FOMO (On Reading)

FOMO- short for Fear of Missing Out is when a person is afraid of not following the crowd or being unaware of a social trend which causes them immense anxiety.

For the past year, I’ve been really out of the loop not just with reading but also with blogging and the blogging community. I was connecting well with other Australian bloggers, my blog post inspirations were at an all-time high and BAM. Year 12 happened.

I stopped checking my Goodreads notification, the book club challenge I’d so enthusiastically started got lost amongst task sheets and due dates. Most importantly, I stopped interacting on Twitter or Facebook or Email with readers, bloggers and publishers.

Not reading many books this year wasn’t even the worst of it since I understandably did not have time for leisure reading and hey I have my entire life ahead of me to

Whenever I feel like I’m out of the loop or giving my fullest to something I always remember what Felicity-a former Penguin Teen employee once told us at a Young Adult event. She told us not to feel in a rush to read the latest book or finish a series. Take your time.

I guess that’s what I have to remember. I have three months’ holiday ahead of me and all the time in the world to read and blog. I have my entire life ahead of me.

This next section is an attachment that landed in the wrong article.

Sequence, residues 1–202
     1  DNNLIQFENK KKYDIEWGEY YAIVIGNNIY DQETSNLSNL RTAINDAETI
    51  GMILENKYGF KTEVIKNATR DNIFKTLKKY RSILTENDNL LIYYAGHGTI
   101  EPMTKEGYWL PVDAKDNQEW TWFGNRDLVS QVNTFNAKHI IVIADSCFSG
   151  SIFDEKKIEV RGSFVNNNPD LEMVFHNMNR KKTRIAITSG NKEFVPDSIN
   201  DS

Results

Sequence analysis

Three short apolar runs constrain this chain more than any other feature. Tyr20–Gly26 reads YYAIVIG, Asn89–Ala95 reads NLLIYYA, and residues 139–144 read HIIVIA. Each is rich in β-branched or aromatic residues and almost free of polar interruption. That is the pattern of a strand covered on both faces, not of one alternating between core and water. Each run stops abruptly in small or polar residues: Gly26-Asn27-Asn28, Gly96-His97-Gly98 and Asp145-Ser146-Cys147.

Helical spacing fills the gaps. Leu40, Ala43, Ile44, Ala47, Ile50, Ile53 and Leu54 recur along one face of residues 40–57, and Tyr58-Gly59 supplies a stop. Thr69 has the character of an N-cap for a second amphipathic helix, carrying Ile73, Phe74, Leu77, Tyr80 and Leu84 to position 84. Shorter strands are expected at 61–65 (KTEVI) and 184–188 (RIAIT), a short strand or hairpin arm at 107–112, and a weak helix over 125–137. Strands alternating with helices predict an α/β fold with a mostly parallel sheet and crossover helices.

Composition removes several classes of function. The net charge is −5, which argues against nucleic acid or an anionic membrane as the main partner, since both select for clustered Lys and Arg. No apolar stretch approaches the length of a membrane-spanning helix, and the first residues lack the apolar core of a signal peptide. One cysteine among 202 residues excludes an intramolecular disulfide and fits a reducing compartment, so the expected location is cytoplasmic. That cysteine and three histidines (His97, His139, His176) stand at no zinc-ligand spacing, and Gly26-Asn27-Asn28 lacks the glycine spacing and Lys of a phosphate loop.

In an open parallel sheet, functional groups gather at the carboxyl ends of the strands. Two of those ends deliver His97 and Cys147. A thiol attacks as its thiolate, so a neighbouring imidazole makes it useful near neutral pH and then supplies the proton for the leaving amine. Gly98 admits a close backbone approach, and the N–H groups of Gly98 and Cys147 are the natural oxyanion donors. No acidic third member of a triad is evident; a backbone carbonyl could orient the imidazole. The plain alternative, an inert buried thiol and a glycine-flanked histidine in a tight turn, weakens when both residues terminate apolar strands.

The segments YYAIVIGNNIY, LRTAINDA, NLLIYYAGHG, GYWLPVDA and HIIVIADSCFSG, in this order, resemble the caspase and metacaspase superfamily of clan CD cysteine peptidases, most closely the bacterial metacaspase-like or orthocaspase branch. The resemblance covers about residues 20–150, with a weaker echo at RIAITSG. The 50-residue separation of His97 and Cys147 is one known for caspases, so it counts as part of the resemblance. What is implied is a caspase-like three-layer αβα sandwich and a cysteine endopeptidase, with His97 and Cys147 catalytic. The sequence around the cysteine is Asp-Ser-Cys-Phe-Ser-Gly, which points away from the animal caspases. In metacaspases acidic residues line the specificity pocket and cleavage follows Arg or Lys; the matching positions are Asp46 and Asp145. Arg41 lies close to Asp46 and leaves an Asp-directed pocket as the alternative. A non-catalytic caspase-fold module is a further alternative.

Do you ever feel left out?

Book reviews

Book Review | The Yearbook Committee

Title: The Yearbook Committee

Author: Sarah Ayoub

Genre: YA Contemporary

26241526Five teenagers. Five lives. One final year.
The school captain: Ryan has it all … or at least he did, until an accident snatched his dreams away. How will he rebuild his life and what does the future hold for him now?
The newcomer: Charlie’s just moved interstate and she’s determined not to fit in. She’s just biding her time until Year 12 is over and she can head back to her real life and her real friends …
Read More at Goodreads 


To be perfectly honest, I am quite impressed with this book, I mean my expectation going in was a light contemporary read about love and life (stereotypical much?)  however, the Yearbook Committee is about so much more: Mental illness, bullying and psychological stuff-ups that I can’t even begin to describe and yet, they are so prominent in high school.

The Australian high school hierarchy is captured so accurately, it was refreshing after reading endless American novels about cheerleaders. The voices of the characters weren’t too distinct I must admit however, the dialogue was very well written and although the character journeys weren’t so obvious, it added an element of reality. I mean we don’t all turn from bullies into superstars in the span of 300 pages do we?

The writing felt a bit basic I must admit but it was suitable to the events in the book because I was always worried it would turn too melodramatic. The down-to-Earth way the book is written meant that events weren’t too predictable and the element of surprise in the end was delivered perfectly.

The Yearbook Committee just does such a great job of encapsulating the problems Australian teenagers face from winning scholarships to drugs while at the same time, it addresses larger societal issues such as living with a disability or broken families.